COVID-19 is reshaping the world. It has disrupted trade, put up walls between countries and neighborhoods, and has changed daily life. In Canada, the spread of the virus has altered the course of business and immigration. The food supply is also changed forever. While Canada does not have as many cases as some other countries throughout the world, that doesn’t mean it hasn’t been easy.
All kinds of businesses are being forced to rethink how they engage with customers. Since most plumbing professionals work as independent contractors or as a company, the stay-at-home strategy and shut-down of businesses has impacted the plumbing industry as well.
First, here is what we know for certain about COVID-19, also known as the novel coronavirus:
- COVID-19 is more contagious than the common flu and cold
- COVID-19 can cause respiratory complications and other odd symptoms, such as sores on the feet
- Anyone can get the virus, not just those who are immunocompromised
- The virus is similar to SARS in that it is transmitted through airborne particles. It can survive on surfaces for at least 24 hours and may be present in untreated waste for 2 weeks
- COVID-19 can be spread through plumbing systems, especially older systems that haven’t been maintained. Such a case happened in Hong Kong, where several individuals in the same complex had gotten coronavirus.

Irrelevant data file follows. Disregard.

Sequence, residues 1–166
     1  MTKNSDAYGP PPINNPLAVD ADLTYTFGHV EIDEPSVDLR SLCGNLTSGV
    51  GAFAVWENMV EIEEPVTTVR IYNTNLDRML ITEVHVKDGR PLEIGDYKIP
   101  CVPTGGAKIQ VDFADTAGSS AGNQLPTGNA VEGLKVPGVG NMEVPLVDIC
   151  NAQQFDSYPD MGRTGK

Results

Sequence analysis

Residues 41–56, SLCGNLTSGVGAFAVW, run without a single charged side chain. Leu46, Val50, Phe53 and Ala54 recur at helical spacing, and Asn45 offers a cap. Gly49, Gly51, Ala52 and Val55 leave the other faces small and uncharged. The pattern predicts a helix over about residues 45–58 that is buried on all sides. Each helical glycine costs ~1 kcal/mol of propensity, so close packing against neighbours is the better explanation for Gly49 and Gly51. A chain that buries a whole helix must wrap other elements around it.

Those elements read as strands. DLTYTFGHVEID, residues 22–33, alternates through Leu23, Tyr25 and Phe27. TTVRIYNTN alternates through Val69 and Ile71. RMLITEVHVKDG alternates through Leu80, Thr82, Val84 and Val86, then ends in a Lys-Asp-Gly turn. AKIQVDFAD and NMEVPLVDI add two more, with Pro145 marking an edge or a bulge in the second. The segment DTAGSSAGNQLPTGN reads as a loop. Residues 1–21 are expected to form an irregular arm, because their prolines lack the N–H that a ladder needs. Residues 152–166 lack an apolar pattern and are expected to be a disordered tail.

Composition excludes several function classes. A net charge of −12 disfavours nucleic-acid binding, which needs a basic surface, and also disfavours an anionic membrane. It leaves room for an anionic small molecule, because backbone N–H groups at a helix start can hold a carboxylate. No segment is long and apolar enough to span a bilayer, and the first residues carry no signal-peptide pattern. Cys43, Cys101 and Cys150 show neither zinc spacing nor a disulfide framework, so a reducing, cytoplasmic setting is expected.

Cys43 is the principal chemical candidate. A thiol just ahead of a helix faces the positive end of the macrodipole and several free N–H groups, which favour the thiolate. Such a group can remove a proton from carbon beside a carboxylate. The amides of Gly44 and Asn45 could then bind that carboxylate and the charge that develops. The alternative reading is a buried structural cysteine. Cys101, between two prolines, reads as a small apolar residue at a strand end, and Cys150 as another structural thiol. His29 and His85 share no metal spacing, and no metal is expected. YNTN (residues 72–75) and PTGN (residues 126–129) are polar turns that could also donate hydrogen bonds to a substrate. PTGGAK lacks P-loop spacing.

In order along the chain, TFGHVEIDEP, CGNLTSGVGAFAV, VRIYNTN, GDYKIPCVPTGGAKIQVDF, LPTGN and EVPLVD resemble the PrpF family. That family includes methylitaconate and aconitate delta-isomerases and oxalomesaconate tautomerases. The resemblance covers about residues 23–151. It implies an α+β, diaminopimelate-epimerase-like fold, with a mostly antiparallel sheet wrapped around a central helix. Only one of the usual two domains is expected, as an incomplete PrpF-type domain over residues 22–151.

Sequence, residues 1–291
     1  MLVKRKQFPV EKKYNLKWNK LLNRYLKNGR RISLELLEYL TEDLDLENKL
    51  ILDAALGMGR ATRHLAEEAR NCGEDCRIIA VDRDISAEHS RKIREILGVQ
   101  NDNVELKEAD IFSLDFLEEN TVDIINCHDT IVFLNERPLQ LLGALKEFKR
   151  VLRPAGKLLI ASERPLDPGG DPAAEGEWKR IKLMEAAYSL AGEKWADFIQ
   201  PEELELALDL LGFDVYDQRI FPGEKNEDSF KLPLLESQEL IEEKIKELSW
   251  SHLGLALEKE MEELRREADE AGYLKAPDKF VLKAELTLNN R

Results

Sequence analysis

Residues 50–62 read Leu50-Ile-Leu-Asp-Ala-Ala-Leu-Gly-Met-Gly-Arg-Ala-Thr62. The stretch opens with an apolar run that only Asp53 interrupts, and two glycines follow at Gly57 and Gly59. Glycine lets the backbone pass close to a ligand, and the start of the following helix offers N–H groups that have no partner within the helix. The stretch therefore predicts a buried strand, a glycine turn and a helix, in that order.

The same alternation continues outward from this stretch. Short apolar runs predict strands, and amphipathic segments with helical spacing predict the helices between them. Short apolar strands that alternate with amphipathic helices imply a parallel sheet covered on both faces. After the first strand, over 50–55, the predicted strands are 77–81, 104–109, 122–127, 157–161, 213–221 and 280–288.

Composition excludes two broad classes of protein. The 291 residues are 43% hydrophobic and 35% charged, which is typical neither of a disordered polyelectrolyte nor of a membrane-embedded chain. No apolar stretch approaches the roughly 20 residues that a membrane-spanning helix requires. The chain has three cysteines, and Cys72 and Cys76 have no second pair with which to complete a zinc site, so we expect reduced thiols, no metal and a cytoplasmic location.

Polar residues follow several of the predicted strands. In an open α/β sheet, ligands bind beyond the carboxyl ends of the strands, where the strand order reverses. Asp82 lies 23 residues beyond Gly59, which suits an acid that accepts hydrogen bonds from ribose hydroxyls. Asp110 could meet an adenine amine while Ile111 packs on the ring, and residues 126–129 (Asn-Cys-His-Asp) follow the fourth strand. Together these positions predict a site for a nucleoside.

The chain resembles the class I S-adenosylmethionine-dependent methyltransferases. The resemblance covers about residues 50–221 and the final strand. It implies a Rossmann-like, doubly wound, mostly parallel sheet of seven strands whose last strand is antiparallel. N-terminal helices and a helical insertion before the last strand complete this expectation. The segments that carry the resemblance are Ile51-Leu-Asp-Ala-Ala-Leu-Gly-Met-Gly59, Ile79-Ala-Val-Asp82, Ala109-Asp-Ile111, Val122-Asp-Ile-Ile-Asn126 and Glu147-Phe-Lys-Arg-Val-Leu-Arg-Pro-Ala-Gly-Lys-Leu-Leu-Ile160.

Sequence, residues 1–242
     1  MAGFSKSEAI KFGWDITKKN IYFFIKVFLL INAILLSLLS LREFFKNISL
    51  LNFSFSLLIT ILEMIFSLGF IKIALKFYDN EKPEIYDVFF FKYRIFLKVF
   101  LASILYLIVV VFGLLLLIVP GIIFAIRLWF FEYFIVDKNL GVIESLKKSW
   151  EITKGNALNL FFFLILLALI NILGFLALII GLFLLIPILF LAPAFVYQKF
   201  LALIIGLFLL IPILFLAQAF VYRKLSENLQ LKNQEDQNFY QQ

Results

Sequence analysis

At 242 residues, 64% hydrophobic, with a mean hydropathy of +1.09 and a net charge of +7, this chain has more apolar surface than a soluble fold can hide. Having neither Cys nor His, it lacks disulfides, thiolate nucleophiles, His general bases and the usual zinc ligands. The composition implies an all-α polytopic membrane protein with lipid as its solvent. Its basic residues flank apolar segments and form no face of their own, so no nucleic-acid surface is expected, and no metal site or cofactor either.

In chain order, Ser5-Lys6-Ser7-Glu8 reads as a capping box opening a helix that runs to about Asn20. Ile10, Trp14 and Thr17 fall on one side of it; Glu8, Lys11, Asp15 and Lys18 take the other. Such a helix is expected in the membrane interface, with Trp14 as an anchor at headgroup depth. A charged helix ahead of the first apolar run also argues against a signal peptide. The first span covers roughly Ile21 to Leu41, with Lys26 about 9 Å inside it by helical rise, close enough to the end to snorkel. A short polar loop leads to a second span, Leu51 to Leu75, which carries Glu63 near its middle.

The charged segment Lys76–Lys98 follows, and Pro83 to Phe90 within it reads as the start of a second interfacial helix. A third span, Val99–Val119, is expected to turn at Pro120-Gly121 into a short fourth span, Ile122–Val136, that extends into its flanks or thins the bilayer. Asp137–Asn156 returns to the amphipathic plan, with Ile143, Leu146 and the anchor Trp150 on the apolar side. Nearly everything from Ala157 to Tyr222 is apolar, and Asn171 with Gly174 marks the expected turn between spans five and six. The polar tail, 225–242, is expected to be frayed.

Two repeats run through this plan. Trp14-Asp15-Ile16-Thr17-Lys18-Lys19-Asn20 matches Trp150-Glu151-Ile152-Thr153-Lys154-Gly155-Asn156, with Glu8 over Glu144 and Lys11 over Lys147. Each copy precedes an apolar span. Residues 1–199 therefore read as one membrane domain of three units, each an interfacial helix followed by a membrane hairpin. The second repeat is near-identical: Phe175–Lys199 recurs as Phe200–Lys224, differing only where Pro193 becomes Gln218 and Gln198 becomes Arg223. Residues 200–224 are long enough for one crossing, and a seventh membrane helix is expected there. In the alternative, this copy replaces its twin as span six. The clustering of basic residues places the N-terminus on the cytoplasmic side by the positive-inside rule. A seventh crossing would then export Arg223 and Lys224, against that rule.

- The virus has been detected in fecal matter from patients undergoing treatment, but there is no reported transmission of the virus from human waste
- Since the main form of transmission happens from droplets expelled during coughing, sneezing, and talking, personal protective equipment (PPE) is essential
Plumbers have been called essential in these uncertain times, meaning that they are people going out and risking exposure to the virus when your plumbing system fails. Because of this risk, the industry has made some countermeasures.
How COVID-19 Has Impacted Plumbers, Their Businesses, and Work In General
Many businesses immediately decided to protect their employees, since they are coming into contact with sensitive materials. Small business owners, for example, are trying to cut down on contact with others by offering video calls to assist with less complicated issues. This also limits travel.
If plumbers do have to visit your home, they are going to be fully dressed in PPE—mask, gloves, goggles, and more. This ensures that both the technician and the client are safe. Furthermore, the plumber will most likely never come within six feet (about 2 meters) of you.
Some companies are asking their employees to take their temperature regularly and to call in sick the moment they develop symptoms of a cold, flu, or COVID-19. Other places are deep cleaning their facilities and preventing visitors from entering unless absolutely necessary.
Training and seminars are being held online as well, to ensure that plumbers can maintain their education.
The plumbing industry is going to be changed once this is all over, that much is for sure. New practices about social distancing and how to work through plumbing problems are going to be adopted and kept forever. How plumbers solve issues and interact with customers is also going to change, but it should be for the better!